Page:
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Tear Jerker / Zero Punctuation

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  • During his Spec Ops: The Line review, Yahtzee finds himself seriously thinking about what message this game sends. It must be seen to be believed, that he's honestly surprised by the game and the things it makes you do, and how it actually affected him. This is best shown in how he regrets using white phosphorus after finding out it murdered civilians, including children, which he himself is no fan of. It was that disturbing, even to Yahtzee.
  • His review of Duke Nukem Forever (For Real This Time) verges into this territory. You can just tell that when he expects a more mature kind of Duke Nukem game, one where Duke is forced to learn that his actions have consequences, in a way growing up, that he was almost certainly grasping at straws, hoping that it would be good. For the rest of the review, though, he knowingly tried and failed to like the game, to find at least some small level of pleasure as he played it, while aware he was failing miserably at that and eventually admitting that he's "pushed games off subway platforms when they had less flaws than this!". Summed up in one sentence:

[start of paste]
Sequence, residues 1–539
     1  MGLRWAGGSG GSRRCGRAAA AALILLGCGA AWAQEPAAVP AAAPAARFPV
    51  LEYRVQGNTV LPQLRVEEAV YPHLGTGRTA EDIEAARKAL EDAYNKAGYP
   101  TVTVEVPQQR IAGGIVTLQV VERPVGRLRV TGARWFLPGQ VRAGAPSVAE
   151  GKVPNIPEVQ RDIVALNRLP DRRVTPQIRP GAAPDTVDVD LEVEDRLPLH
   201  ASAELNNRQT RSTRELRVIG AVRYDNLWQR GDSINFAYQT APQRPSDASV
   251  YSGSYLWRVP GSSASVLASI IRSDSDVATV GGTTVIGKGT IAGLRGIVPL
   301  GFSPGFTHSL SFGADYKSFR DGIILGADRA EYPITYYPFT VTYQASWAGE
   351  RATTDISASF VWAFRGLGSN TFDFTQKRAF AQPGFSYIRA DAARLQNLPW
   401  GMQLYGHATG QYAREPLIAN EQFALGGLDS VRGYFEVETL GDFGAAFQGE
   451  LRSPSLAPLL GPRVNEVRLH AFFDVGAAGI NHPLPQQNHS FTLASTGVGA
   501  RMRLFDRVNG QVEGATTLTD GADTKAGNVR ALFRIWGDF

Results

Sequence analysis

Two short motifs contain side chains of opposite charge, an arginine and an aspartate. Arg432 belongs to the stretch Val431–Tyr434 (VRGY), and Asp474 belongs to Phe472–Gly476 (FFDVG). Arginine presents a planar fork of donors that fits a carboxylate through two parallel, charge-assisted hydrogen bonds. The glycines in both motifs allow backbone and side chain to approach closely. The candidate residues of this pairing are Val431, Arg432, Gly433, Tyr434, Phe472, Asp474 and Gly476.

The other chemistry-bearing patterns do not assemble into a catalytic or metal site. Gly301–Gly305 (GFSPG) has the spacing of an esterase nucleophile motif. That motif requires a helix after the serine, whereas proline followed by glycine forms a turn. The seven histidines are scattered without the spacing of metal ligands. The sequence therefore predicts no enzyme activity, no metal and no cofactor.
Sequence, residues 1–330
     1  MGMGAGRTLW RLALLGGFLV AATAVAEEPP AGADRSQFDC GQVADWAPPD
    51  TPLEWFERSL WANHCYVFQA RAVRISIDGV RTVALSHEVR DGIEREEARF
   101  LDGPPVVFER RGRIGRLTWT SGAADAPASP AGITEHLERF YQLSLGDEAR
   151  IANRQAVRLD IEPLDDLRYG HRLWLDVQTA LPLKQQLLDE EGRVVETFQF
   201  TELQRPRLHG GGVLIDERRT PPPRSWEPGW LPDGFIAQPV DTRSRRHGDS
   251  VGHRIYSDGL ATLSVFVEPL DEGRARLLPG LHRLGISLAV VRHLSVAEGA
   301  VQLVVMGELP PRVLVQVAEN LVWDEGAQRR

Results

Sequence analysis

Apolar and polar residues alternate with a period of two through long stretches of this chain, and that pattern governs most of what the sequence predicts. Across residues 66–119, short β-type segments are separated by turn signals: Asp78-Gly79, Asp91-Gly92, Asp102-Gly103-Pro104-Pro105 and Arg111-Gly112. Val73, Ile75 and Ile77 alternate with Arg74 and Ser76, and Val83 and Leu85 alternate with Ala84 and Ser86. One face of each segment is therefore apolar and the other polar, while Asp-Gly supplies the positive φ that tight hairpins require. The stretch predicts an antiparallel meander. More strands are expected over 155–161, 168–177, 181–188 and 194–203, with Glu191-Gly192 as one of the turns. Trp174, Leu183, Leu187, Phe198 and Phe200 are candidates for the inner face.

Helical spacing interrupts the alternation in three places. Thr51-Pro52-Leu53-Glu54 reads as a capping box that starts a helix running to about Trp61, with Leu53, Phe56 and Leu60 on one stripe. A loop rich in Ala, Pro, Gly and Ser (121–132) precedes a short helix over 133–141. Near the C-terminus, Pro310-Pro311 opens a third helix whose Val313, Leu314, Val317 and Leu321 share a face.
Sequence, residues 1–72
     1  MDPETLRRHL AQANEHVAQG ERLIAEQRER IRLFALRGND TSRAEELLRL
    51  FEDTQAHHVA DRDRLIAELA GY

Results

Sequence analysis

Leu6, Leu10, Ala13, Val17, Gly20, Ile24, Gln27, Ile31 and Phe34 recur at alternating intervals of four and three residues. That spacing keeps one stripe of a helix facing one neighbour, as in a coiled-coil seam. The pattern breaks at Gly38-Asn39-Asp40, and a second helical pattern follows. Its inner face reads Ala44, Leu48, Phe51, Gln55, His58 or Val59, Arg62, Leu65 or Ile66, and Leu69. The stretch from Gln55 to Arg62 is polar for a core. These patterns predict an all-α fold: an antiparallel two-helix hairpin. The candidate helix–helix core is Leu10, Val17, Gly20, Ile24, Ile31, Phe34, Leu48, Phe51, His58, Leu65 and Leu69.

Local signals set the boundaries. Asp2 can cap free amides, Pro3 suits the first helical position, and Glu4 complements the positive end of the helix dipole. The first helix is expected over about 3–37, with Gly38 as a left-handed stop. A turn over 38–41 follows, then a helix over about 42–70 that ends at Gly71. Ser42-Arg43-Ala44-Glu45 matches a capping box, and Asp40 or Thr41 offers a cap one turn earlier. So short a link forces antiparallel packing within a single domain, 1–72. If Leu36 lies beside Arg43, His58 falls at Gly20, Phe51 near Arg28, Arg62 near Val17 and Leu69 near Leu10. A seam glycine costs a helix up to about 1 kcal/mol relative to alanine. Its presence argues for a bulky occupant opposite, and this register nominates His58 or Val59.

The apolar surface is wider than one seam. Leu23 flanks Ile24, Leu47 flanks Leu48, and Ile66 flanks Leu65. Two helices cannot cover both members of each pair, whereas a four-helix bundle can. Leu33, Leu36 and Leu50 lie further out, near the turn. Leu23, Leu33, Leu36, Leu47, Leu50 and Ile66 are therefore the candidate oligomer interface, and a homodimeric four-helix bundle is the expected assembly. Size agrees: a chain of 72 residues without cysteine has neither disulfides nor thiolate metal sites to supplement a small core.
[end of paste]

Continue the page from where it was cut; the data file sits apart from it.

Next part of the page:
Yahtzee: I guess I want it to be good 'cause that's how the story is supposed to end.
    • It becomes more poignant in that his Let's Drown Out... of Duke Nukem Forever, he revealed that he'd been asked to write a script for Forever, and he came up with one that examined the character — and got rejected because the developer stated that they didn't want to make commentary on Duke or even have jokes about him, just everything going on around him because Duke had to be perfect and unchanged.
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    • The last line in the credits sequence:
      Of course it was going to disappoint, I just didn't think it would be this much.
  • He gets a small one at the end of his Silent Hill: Downpour review where he admits that constantly comparing the new Silent Hill games to Silent Hill 2 gave him no satisfaction and actually made him a little depressed.